Why divest?

catastrophic climate changeThe moral arguments for divestment are clear. As Bill McKibben sums it up: "If it’s wrong to wreck the climate, then it’s wrong to profit from that wreckage."

The financial arguments are, admittedly, more speculative, as is the nature of any financial prediction. Nevertheless, there is much evidence for the likelihood that investments in fossil-fuel companies will become increasingly risky over the next few years. The logic is this:

  1. The current valuation of fossil-fuel companies is based, in large part, on the prospective market value of the coal, oil, and gas reserves which they own and plan to sell.
  2. If catastrophic climate change is to be averted, a large percentage of those reserves (an estimated 70-80%) must remain in the ground, unsold and unburned.
  3. As the effects of climate change become ever clearer, governments will increasingly implement policies to reduce the burning of fossil fuels, in the form of regulations, carbon taxes, mandatory cap-and-trade regimes, and subsidies for renewable energy.
  4. As the associated costs increase and renewables become less expensive, fossil-fuel supply will eventually outstrip demand, and it will become uneconomical to extract the reserves, beginning with the dirtiest and the most expensive.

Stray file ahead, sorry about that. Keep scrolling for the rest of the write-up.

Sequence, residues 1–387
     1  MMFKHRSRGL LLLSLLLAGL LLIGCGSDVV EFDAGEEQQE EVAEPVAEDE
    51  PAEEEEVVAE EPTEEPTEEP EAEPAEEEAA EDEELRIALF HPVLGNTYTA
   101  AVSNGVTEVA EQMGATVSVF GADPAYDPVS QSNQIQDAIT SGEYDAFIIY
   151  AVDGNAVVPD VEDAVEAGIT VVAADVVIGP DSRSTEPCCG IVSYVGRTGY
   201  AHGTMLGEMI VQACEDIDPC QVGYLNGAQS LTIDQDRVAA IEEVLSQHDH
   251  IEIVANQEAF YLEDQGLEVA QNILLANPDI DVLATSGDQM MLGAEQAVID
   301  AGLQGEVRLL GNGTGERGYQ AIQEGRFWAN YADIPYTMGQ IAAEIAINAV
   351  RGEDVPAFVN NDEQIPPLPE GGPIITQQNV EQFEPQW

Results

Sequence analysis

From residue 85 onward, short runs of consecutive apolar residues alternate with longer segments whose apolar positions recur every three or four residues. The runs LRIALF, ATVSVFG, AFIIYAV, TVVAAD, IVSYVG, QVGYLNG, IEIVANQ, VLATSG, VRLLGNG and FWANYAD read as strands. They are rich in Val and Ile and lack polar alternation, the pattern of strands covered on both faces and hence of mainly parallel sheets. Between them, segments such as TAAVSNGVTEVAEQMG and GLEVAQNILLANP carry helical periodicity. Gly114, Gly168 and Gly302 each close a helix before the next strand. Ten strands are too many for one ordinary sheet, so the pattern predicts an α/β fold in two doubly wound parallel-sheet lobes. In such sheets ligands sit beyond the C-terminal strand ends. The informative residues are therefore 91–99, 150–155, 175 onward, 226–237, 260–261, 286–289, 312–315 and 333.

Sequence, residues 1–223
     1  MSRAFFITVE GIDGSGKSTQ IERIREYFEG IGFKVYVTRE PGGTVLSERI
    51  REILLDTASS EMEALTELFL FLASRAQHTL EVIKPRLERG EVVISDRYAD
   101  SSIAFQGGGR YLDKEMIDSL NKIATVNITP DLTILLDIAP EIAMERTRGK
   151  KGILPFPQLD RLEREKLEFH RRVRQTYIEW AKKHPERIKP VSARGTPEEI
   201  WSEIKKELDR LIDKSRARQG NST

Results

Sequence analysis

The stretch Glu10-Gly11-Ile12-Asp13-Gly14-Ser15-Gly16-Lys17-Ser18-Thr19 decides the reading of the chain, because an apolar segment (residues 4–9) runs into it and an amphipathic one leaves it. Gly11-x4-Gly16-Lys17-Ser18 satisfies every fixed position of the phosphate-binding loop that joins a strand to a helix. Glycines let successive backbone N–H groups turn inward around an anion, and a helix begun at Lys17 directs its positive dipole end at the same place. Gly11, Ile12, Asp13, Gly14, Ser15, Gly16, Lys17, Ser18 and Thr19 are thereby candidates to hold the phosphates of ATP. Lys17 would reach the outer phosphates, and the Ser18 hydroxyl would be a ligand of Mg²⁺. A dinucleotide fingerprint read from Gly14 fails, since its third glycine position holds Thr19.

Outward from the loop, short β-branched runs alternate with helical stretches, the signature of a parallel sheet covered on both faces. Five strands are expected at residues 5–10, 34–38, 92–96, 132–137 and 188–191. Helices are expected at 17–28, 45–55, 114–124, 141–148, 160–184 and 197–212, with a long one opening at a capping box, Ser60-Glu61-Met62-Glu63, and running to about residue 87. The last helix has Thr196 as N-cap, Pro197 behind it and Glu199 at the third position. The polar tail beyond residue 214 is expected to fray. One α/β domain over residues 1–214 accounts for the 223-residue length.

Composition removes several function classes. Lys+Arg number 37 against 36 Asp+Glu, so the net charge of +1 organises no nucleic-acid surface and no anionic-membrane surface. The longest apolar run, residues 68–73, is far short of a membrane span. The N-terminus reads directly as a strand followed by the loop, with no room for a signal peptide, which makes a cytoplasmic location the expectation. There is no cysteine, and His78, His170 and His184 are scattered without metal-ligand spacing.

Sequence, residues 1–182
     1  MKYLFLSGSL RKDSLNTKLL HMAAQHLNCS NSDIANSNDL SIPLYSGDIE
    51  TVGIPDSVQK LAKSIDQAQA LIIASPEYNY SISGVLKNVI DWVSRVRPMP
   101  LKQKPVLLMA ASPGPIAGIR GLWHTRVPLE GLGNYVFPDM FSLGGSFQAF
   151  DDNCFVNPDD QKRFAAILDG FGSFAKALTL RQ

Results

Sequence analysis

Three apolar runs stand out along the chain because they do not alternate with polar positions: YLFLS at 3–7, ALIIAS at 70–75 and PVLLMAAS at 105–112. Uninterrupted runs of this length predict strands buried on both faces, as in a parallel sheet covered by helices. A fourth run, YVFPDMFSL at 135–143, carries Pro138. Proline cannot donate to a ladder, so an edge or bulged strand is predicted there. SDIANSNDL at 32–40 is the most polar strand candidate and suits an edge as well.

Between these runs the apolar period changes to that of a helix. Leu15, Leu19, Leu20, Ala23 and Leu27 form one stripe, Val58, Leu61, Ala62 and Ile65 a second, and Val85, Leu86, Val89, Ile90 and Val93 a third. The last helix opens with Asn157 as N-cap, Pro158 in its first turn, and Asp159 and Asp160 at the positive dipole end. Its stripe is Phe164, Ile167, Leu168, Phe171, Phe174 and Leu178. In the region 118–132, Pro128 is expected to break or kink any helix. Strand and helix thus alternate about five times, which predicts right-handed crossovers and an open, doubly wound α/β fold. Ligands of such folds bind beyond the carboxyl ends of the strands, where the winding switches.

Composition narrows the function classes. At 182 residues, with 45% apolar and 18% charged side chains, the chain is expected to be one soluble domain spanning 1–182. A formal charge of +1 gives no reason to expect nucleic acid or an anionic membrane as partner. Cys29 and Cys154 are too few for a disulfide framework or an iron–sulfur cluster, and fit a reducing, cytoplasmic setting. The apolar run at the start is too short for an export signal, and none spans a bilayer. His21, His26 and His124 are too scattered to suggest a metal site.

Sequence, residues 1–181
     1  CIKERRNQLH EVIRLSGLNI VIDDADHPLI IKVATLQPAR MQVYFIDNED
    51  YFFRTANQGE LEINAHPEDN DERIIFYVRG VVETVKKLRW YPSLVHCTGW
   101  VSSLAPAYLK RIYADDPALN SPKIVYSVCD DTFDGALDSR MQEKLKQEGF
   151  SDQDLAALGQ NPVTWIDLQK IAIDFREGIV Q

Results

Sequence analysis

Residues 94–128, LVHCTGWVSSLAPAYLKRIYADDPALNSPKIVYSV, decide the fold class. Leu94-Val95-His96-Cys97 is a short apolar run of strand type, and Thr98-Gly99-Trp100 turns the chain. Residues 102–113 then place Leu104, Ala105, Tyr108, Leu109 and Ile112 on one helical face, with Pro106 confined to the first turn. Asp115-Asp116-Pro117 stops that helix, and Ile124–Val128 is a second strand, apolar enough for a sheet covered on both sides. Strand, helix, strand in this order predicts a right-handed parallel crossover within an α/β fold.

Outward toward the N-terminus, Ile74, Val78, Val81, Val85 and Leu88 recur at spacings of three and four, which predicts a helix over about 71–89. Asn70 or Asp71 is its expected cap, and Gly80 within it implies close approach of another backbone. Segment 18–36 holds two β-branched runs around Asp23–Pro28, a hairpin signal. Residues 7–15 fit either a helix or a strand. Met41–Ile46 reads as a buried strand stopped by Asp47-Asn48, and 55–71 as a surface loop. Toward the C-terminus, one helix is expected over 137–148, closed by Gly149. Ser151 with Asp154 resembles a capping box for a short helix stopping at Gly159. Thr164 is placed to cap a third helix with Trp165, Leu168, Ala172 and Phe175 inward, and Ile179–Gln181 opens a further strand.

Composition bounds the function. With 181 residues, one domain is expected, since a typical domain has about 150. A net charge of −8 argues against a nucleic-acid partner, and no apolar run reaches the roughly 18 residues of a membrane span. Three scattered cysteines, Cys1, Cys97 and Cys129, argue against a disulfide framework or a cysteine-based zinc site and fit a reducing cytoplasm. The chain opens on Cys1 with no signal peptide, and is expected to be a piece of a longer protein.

5. These unextracted reserves will become stranded assets; valuation of fossil-fuel companies will be reduced; and the carbon bubble will deflate.

The uncertainties in this logic lie more in the timing than the sequence; it is possible that some governments will continue to defer implementing meaningful policies and that fossil-fuel companies will manage to manipulate their profitability and apparent valuation for several years. Eventually, however, the conclusion is inescapable: oil, gas, and coal reserves will be worth less than they are now, and so will the companies that own them. Investing in these companies now is to buy high and eventually to sell low.

Here are some useful background readings:

And some links to investment/reinvestment sources:

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commented 2014-10-08 13:50:36 -0700 · Flag
Marinites: If we focus on our own PERSONAL INVESTMENT BEHAVIOR with a laser-like intensity, we can have an enormous impact on the world by positively influencing corporate behavior! To find out more, read my book, “Green Investing, More Than Being Socially Responsible,” and visit my website: http://www.GreenRiverFinServ.com.

The biggest mutual and exchange traded funds hold over 160 Billion dollars of investor assets – each! So… when we and millions of other individual investors replace conventional funds in our retirement plans and personal investment portfolios with sustainable funds, many of which have been around for 40 years and show excellent performance, we send a clear signal to corporations: If your corporate practices are not sustainable, we will dump your stocks and bonds and move that money to stocks and bonds of corporations that are doing a better job protecting the environment, having positive social impacts (nourishing employees) and governing their enterprises transparently and wisely. This is called using “ESG” analysis, and it is practiced by more than 400 funds today, many of which have excellent performance track records, available to the public!
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